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Nuisance and Harassment

Legally reviewed by:

Wyn Legal team


The courts have identified three different categories of nuisance which are:

  1. Encroachment of a neighbour’s land.
  2. Direct physical injury to a neighbour’s land.
  3. Interference with a neighbour’s quiet enjoyment of their land.

A nuisance is usually caused by a person doing something on their own land, which they are lawfully entitled to do but which becomes a nuisance when the consequence of their act extends to the land of their neighbour.

In order to succeed with a claim for nuisance, the damage or interference with the enjoyment of the neighbour’s land:

  1. Must be substantial or unreasonable.
  2. It can arise from a single incident or a “state of affairs”.
  3. It can be caused by inaction or omission as well as by some positive activity.



In some circumstances the behaviour of a neighbour may amount to harassment rather than nuisance. 

The Protection from Harassment Act 1997 (“the 1997 Act”) makes harassment both a criminal and civil offence.  The 1997 Act prohibits any individual pursuing a course of conduct against another individual that amounts to harassment.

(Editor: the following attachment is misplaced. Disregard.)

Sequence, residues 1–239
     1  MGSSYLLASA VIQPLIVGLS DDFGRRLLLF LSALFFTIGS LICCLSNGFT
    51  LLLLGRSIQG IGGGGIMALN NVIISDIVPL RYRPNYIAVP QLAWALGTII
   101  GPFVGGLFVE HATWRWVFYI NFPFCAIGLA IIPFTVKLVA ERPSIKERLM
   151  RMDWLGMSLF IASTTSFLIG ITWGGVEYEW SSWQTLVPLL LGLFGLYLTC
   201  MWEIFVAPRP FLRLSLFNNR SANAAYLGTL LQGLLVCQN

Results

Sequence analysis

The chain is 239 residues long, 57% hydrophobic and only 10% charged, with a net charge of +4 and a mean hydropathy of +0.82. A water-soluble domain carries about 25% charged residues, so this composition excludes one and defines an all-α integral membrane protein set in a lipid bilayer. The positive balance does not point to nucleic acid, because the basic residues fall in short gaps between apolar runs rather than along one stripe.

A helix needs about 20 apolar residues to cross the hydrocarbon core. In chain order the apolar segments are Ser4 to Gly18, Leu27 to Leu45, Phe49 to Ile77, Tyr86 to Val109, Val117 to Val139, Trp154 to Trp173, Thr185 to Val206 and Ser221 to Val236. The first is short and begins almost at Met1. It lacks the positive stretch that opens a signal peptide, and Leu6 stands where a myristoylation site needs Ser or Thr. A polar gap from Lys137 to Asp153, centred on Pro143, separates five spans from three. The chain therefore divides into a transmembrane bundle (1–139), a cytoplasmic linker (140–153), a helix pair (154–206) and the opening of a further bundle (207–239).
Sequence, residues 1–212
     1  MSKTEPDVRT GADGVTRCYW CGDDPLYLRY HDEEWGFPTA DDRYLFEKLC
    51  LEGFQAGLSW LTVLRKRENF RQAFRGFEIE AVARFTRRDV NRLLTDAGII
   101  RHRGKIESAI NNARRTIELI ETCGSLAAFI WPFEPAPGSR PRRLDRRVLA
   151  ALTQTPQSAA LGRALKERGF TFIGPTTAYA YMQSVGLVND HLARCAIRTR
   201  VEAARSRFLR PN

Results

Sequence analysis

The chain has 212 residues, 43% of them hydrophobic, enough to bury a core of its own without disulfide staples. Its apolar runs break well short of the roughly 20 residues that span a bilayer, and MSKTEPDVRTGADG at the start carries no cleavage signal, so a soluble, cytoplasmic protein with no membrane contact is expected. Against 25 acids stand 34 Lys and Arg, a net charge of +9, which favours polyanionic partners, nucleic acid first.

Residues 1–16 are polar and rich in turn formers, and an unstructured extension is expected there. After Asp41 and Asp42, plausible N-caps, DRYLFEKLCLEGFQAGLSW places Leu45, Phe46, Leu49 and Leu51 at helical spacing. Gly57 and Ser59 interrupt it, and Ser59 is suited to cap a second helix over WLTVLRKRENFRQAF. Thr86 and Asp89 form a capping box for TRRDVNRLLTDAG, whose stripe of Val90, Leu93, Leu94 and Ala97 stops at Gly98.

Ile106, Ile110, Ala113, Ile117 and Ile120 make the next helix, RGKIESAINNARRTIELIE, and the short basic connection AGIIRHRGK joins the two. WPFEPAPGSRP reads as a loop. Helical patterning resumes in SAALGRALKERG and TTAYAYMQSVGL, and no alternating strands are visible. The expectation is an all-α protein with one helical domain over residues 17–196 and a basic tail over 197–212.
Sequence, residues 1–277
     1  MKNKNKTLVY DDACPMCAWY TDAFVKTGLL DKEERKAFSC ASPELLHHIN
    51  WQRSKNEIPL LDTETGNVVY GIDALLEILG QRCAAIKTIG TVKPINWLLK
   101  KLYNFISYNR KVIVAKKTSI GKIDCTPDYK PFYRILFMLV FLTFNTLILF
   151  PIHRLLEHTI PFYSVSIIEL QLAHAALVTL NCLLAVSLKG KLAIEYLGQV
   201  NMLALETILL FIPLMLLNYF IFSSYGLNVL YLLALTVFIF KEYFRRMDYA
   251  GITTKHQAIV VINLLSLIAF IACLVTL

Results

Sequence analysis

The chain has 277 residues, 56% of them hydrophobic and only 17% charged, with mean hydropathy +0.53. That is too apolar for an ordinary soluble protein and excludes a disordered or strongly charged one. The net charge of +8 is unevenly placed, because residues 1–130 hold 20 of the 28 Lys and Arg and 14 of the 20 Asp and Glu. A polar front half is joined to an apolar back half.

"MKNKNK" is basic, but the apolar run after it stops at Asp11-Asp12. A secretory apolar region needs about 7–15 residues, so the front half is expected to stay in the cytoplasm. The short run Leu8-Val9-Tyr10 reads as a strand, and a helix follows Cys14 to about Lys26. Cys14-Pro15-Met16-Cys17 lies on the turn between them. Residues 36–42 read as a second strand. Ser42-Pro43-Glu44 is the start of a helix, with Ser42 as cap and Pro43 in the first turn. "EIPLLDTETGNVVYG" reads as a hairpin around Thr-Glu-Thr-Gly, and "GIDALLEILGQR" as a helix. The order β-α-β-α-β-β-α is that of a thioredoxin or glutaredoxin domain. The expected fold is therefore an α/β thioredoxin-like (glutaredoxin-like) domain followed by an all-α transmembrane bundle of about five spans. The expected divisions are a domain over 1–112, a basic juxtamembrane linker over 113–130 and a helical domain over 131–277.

There are some key considerations before commencing formal court action for a nuisance.

  1. Court action can be expensive, therefore, the parties should consider whether a form of mediation or negotiation has been explored. 
  2. Neighbour relations are unique in that you will need to continue living next door to your neighbour during formal court action. Therefore, exploring ways to amicably resolve disputes should be encouraged. 
  3. The limitation on making a claim in nuisance is six years from when quantifiable or ascertainable loss is suffered.
  4. The burden of proof in demonstrating the nuisance is on the claimant to prove its case to the civil standard (the balance of probabilities).
  5. The claimant will have to prove that the defendant was responsible for or caused the nuisance and that it has damaged the claimant’s land or substantially interfered with the claimant’s interest in the property.
  6. Expert evidence is likely going to be needed to instruct an expert to provide expert evidence in court. For example, the expert may provide evidence to demonstrate how the defendant’s activity is causing a nuisance to the claimant’s land.

We assist both claimants and defendants in nuisance and harassment claims. We understand that swift and robust action is generally required. Therefore, we can assist you with the following:

  1. Taking time to understand the matter and the factual matrix surrounding the complaint. 
  2. Drafting or responding to a cease and desist letter (usually within 24 hours of being instructed).
  3. Drafting a formal letter before action.
  4. Partaking or taking the lead on mediation.
  5. Drafting or resisting applications for an injunction pursuant to the Anti-Social Behaviour Crime and Policing Act 2014 or The Protection from Harassment Act 1997).
  6. In certain circumstances, assist in making an application for a Community Protection Notice.
  7. Represent and guide you throughout the court process.
Evict A Tenant Chigwell, UK